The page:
As mentioned, this is Kenji Mizoguchi's first film shot in colour.

     The aspect ratio is 1:33:1 full-frame, not 16x9 enhanced. The average bitrate is solid at 6.98 m/b per second. Images are reasonably sharp and there is good shadow detail. Shot in Eastmancolor, the film has a regal red, yellow and purple look to every scene. The age of the transfer has possibly dulled the colours in comparison to its 1955 theatrical release.

     Negative (white) film artefacts are evident through most of the film with scratches, dust and specks visible against dark backgrounds.

     Subtitles are offered in default yellow (due to the main presentation being in colour) or white.

     There is no RSDL change as the main feature is presented on the first layer of a Dual-layered DVD.

Video Ratings Summary
Sharpness
Shadow Detail
Colour
Grain/Pixelization
Film-To-Video Artefacts
Film Artefacts
Overall

Audio

     The Japanese audio transfer sounds okay, although it does have slight background hiss at times.

     The main soundtrack is in Japanese. It is encoded in Dolby Digital 2.0 at 224 kbps. Dialogue is clear and the audio is synchronised.

     Fumio Hayasaka uses both a contemporary and ancient sounding score to support the film. There are some sequences played in the film where sound is diegetic (sound whose source is visible on the screen.) This is related to the plot-line of the story where the Emperor seeks to compose music at the beginning of the film to cope with the loss of his wife.

     There is no surround channel usage because the main soundtrack is in mono. The subwoofer is not utilised either.

Audio Ratings Summary
Dialogue
Audio Sync
Clicks/Pops/Dropouts
Surround Channel Use
Subwoofer
Overall

Extras

Teaser Trailer (2:00)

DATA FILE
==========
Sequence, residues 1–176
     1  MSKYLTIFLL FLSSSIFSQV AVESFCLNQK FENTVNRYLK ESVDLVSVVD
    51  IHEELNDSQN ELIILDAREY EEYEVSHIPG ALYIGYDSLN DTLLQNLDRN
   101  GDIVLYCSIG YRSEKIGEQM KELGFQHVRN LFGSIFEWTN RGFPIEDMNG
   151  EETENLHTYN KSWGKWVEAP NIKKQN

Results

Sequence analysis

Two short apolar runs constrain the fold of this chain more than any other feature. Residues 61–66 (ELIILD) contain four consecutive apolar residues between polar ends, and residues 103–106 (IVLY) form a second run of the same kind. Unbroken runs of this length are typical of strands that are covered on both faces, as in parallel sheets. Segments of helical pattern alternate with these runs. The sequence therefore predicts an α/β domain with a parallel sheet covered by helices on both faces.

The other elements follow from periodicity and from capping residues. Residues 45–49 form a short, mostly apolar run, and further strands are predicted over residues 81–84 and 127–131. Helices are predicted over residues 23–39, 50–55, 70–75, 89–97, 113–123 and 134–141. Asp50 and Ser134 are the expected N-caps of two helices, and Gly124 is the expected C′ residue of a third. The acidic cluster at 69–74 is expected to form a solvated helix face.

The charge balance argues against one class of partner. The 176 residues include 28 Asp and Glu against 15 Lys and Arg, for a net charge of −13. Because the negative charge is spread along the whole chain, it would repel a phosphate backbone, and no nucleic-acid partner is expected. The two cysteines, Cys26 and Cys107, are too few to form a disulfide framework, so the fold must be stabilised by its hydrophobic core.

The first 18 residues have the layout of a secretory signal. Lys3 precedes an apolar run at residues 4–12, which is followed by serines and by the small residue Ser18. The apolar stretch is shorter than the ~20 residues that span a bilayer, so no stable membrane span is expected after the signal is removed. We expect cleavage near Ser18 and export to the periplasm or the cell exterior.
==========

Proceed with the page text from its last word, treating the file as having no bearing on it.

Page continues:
This trailer is a promotion for Daiei Productions’ move into producing colour features in the mid-1950s. It promotes both of Kenji Mizoguchi's colour films of 1955, The Empress Yang Kwei-Fei and New Tales of the Taira Clan.

Directors Suite trailers

     Four Directors Suite trailers are included for Yasujiro Ozu's Early Summer, Akira Kurosawa's Ikiru, Jules Dassin's Night and the City and Douglas Sirk's All That Heaven Allows.

R4 vs R1

NOTE: To view non-R4 releases, your equipment needs to be multi-zone compatible and usually also NTSC compatible.

     The Empress Yang Kwei-Fei has been released in Region 2 in the United Kingdom by Masters of Cinema under its traditional Japanese title, Yōkihi. This comes in a two-disc release with Akasen Chitai (also known as Street of Shame). The extras include video discussions on both films by Tony Rayns which run for 9-11 minutes, an audio commentary on Akasen Chitai again by Japanese film critic Tony Rayns and a 64-page booklet featuring writing by Keiko I. McDonald (author of Mizoguchi), Mark Le Fanu (author of Mizoguchi and Japan), Masako Nakagawa (author of The Yang Kuei-fei Legend in Japanese Literature), ninth-century poetry (A Song of Unending Sorrow) by Po Chü-i, and rare production stills.

     In my opinion, the video discussions and expert audio commentary by Tony Rayns and the booklet, together with the inclusion of Akasen Chitai, makes the Region 2 Masters of Cinema release the best available version on DVD.

Summary

     It's a shame that Madman Directors Suite label has not graced this release with similar extras to the other Mizoguchi films released onto DVD during April-June 2010.

     The Empress Yang Kwei-Fei is a unique addition to Kenji Mizoguchi's career that needs to be seen by all who are interested in Kenji Mizoguchi's work as a filmmaker.

Ratings (out of 5)

Video
Audio
Extras
Plot
Overall

© John Stivaktas (I like my bio)
Wednesday, June 30, 2010
Review Equipment
DVDSony BDP-S550 (Firmware updated Version 020), using HDMI output
DisplaySamsung LA46A650 46 Inch LCD TV Series 6 FullHD 1080P 100Hz. Calibrated with THX Optimizer. This display device is 16x9 capable.
Audio DecoderSony STR-K1000P. Calibrated with THX Optimizer.
AmplificationSony HTDDW1000
SpeakersSony 6.2 Surround (Left, Front, Right, Surround Left, Surround Back, Surround Right, 2 subwoofers)